Depression is a mental health disorder involving mood fluctuations that can interfere with a person’s daily activities. It comes with a feeling of loss, sadness, anger, and hopelessness.


  • Feeling sad, empty and hopeless
  • Angry outbursts, irritability and frustration
  • Fatigue
  • Loss of interest in most activities you usually enjoy
  • Sleeping less or too much
  • Reduced appetite or increased craving for food
  • Anxiety or restlessness
  • Slowed thinking or body movement
  • Feeling guilty or worthless
  • Trouble remembering things or making decisions
  • Frequent thoughts of death or suicide attempts
  • Unexplained physical pains


There’s no known cause for depression but as with other mental health disorder, a number of factors may be involved such as;

  • Early childhood trauma
  • A history of drug or alcohol abuse
  • Family history
  • Certain medical conditions such as chronic pain, insomnia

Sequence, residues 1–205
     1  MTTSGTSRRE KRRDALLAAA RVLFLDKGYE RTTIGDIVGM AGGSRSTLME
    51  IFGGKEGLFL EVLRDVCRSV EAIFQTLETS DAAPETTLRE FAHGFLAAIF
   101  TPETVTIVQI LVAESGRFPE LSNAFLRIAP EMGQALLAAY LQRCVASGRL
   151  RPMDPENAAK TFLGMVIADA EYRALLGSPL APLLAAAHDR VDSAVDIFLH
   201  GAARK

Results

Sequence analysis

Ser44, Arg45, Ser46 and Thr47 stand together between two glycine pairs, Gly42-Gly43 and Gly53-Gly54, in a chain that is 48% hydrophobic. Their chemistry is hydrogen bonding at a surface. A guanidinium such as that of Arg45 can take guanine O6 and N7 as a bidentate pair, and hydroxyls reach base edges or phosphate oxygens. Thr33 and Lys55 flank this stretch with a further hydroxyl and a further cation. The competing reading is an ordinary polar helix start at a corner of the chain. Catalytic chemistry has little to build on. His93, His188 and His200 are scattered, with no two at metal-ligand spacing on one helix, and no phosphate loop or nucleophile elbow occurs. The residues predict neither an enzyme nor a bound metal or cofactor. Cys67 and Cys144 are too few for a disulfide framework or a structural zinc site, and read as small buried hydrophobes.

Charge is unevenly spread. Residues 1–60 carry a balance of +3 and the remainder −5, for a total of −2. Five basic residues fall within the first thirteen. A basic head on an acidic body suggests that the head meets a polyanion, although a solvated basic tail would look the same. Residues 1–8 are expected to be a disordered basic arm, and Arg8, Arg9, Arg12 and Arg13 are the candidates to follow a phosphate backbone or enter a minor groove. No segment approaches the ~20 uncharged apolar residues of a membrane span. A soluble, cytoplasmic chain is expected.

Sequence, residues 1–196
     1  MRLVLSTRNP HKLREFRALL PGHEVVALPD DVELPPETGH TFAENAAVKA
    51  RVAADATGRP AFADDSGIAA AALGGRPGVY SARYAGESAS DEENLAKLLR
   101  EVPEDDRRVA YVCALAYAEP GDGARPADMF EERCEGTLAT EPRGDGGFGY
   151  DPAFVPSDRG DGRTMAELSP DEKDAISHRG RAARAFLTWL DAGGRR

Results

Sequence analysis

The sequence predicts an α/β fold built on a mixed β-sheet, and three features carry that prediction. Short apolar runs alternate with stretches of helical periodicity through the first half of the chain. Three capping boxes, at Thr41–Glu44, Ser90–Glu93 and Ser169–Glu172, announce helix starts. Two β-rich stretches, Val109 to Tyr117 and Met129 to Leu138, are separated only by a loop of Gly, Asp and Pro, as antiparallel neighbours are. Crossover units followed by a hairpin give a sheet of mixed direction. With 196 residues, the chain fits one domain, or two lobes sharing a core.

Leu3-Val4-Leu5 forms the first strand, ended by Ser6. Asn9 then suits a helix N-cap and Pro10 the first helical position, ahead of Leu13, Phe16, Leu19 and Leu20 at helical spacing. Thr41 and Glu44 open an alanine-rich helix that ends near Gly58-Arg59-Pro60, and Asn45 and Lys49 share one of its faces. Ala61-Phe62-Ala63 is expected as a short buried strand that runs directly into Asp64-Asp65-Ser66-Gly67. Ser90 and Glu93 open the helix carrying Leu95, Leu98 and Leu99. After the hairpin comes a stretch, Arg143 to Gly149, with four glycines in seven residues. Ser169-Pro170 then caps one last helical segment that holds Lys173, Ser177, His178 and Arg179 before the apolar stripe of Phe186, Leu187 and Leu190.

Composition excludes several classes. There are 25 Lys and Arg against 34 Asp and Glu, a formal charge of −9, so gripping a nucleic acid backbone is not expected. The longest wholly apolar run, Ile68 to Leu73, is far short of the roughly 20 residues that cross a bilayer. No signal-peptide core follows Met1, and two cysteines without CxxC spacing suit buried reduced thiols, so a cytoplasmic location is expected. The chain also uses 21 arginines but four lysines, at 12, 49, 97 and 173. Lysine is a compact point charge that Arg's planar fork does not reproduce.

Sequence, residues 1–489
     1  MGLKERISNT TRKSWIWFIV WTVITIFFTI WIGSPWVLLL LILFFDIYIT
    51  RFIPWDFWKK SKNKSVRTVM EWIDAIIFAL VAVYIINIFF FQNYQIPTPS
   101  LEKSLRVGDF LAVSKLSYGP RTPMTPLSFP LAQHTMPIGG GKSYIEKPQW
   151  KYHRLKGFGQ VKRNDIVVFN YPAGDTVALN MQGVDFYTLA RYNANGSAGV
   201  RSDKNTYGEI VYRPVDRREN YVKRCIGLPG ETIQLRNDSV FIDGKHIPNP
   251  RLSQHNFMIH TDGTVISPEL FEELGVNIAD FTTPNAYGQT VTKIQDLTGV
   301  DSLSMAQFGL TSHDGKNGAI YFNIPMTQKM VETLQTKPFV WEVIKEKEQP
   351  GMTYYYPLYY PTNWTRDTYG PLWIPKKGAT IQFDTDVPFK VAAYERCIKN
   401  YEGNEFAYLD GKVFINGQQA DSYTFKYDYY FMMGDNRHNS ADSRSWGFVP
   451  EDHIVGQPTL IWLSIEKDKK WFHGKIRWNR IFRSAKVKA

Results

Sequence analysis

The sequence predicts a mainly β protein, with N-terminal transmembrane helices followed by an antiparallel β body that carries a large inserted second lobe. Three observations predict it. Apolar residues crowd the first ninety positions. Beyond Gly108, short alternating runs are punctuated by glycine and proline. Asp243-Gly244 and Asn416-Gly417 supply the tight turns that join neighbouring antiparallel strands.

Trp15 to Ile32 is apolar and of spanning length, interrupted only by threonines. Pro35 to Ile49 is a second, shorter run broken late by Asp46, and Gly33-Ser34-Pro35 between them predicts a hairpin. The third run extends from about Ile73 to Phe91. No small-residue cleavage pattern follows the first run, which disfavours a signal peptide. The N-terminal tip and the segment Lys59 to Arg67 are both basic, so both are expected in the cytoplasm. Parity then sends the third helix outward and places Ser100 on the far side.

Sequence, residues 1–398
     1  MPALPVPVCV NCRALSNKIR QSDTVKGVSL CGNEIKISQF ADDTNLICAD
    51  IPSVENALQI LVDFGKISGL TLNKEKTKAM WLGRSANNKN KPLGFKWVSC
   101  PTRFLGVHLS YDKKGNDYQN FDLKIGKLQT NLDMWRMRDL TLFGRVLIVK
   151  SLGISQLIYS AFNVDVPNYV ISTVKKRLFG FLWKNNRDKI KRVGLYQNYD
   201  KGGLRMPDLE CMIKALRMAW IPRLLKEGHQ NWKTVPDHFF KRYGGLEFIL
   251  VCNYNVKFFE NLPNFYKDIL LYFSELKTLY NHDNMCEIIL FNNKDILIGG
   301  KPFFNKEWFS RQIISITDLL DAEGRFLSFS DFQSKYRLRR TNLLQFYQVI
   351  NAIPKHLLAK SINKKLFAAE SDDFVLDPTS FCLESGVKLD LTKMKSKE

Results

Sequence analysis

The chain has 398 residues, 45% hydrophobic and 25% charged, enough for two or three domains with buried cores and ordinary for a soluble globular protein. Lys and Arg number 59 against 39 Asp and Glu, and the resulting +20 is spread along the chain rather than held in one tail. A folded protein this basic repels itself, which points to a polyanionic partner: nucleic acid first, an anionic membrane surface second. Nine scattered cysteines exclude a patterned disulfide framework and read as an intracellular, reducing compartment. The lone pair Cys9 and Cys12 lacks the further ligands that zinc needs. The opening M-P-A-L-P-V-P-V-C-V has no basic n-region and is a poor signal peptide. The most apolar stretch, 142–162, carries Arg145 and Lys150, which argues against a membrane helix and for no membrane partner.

• Hormones can trigger depression during pregnancy or the weeks after delivery
  • Biological differences: the physical differences in the brain although the significance of this change to depression is uncertain
  • Brain chemistry: neurotransmitters are naturally occurring brain chemicals that likely play a role in depression


  • Personality trait such as low self-esteem, dependency and being pessimistic
  • Traumatic or stressful event like the loss of a love one
  • Family history
  • History of other mental disorder like anxiety and post-traumatic stress disorder
  • Abuse of alcohol or recreational drugs
  • Chronic illness such as cancer, stroke or heart disease
  • Certain medications such as sleeping pills or high blood pressure medication


  • Physical exam
  • Lab tests
  • Psychiatric evaluation
  • Diagnostic and Statistical Manual of Mental Disorders (DSM-V)


  • Anti-depressant medications
  • Psychotherapy


  • Terrible toll on life if left untreated
  • Obesity
  • Pain/physical illness
  • Alcohol/drug misuse
  • Anxiety disorder
  • Relationship difficulties
  • Isolation
  • Suicide attempts
  • Self-mutilation


There is no prevention, but certain steps can be taken:

  • Control stress
  • Reach out to family and friends
  • Get treatment at earliest sign
  • Consider getting long-term maintenance treatment to prevent relapse

Ready to Visit?

Need Help?

Feel free to contact me, and I will be more than happy to answer all of your questions.